Air France v Rollsr-Royce: The saga continues-see this Bloomberg story. We understand there is more to it than just maintenance. Rolls wants AF to order the Trent 1000 for the 787 order, too.
Virgin America: This airline, headquartered in San Francisco, has been an airline in search of a business plan. Its operations don’t have a niche and didn’t fill a void (like jetBlue created and filled at NY-JFK). It’s lost hundreds of millions of dollars. And, finally, the losses have caught up. Bloomberg has this story about aircraft order deferrals and cancellations. The deferrals are Airbus A320neos (note to Alabama: VA was going to take the first neos from the new Airbus Mobile plant in 2016).
Virgin is seeking to restructure aircraft leases, according to two industry sources. Failing to do so could lead to a Chapter 11 filing, the sources say.
Last A340s Sold: The remaining two Airbus A340-500s, originally destined for ailing Kingfisher Airlines, have been sold.
SPEEA and Boeing: Things appear to be heading south with SPEEA. This could affect Boeing’s year-end push to deliver as many as 50 787s as well as the other 7-Series.
Boeing’s Board is expected to be asked very soon, perhaps at its meeting in October, to grant Authority to Offer the 787-10 to customers, according to two sources.
A Boeing spokeswoman said that ATO for the 787-10 is expected to occur before the ATO for the 777X, since the -10 is a more straight-forward project than the X, but could not confirm the October timeline.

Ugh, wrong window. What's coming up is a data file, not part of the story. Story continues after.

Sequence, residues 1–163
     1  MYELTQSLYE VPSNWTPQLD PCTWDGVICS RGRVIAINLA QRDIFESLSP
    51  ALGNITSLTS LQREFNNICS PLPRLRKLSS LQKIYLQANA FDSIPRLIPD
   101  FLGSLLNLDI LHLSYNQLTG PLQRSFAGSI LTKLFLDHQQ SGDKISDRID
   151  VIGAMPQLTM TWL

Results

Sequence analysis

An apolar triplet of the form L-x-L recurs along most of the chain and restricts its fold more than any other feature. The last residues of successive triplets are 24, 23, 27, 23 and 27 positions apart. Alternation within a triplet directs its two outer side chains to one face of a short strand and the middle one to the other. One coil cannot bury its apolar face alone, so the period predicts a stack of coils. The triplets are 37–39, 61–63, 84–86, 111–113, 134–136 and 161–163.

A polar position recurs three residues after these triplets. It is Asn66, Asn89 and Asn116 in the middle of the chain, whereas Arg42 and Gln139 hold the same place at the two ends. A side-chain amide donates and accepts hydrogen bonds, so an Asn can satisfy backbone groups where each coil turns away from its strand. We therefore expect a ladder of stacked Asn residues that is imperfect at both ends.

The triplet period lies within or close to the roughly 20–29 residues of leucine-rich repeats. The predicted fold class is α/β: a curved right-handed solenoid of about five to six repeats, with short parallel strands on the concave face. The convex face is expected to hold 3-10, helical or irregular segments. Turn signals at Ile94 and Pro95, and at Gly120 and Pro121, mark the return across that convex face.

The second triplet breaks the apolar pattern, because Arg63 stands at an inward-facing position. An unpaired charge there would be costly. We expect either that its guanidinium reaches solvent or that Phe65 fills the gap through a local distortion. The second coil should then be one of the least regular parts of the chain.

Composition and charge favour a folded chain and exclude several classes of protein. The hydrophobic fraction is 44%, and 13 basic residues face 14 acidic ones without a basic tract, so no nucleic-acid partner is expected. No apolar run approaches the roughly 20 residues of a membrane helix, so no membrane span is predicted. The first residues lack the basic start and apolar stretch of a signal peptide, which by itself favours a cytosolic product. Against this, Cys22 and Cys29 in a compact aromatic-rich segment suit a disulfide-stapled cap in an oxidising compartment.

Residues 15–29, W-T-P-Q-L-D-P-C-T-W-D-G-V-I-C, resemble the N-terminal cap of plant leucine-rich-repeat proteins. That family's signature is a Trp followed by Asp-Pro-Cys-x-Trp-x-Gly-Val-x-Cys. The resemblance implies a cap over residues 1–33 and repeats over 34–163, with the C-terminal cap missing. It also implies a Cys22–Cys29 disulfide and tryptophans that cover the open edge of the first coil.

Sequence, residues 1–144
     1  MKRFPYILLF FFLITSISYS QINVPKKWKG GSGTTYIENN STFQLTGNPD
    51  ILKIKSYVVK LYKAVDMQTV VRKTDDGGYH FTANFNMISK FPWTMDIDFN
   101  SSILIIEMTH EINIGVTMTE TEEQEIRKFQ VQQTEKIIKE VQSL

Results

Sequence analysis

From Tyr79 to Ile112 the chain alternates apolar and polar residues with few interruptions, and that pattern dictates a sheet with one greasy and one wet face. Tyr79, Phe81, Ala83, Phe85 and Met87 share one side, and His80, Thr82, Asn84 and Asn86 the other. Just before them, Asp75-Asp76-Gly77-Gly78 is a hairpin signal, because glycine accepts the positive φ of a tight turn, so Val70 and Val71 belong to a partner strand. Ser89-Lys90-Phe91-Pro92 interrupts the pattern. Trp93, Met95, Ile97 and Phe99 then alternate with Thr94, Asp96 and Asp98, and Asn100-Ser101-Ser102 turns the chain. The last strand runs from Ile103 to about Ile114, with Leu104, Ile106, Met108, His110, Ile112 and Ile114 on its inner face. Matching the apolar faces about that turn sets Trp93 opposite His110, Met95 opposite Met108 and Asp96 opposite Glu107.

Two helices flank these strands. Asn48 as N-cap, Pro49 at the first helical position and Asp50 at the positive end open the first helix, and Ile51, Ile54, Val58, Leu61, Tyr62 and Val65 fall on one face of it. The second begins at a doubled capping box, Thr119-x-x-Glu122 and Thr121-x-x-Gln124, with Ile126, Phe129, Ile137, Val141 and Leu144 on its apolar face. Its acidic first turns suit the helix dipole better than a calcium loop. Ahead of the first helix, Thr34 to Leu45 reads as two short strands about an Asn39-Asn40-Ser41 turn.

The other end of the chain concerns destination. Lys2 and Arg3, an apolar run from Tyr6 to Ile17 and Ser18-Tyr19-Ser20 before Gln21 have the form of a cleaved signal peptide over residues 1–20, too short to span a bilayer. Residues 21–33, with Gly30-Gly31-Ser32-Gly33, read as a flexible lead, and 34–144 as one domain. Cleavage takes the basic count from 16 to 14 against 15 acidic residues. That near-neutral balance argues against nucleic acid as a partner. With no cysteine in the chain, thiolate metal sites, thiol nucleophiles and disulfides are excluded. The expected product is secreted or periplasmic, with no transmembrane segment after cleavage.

The straight-forward stretch of the 787-9 will have less range (about 6,900nm) than either the -8 or -9 models, which comfortably top 8,000 nm but it is expected to carry around 323 passengers, putting it squarely in the class of the 777-200ER and the A350-900.
At 6,900nm, the airplane will cover most missions required by airlines. By foregoing a new wing and added fuel tankage, the operating weight of the airplane is expected to be roughly equal to the 787-9. A slightly higher-thrust engine will be required. Rolls-Royce announced a higher thrust version of the Trent 1000 now powering the 787 at the Farnborough Air Show, and insiders said this engine is specifically intended for the 787-10.
The 787-10 is billed by Boeing as the airplane that will “kill” the Airbus A330-300, but the 787 was also billed as the airplane that would kill the A330-200. The delays in the 787 program have given Airbus time to enhance the A330 family and the rival announced gross weight, range and engine Performance Improvement Packages to the 300 (and which are anticipated for the 200) at the Farnborough Air Show.
Airbus is also selling the A330 family at discounts to the 787 family today and this will continue in the future. The lower capital costs, Airbus believes, allows the A330 to remain competitive. Airbus COO-Customers John Leahy told us that Airbus expects to sell the A330 beyond 2020.
The 787-10 would replace the 777-200ER, which has largely been killed by the A350-900.
Bloomberg News has this report that the Air France-KLM talks for 25 Airbus A350s remain stalled over the long-running dispute between the company and Rolls-Royce over AF’s desire to overhaul the Trent XWB engines.
The Air France-KLM group offers its own maintenance, repair and overhaul services and wants the ability to provide MRO to others as well as perform the work itself.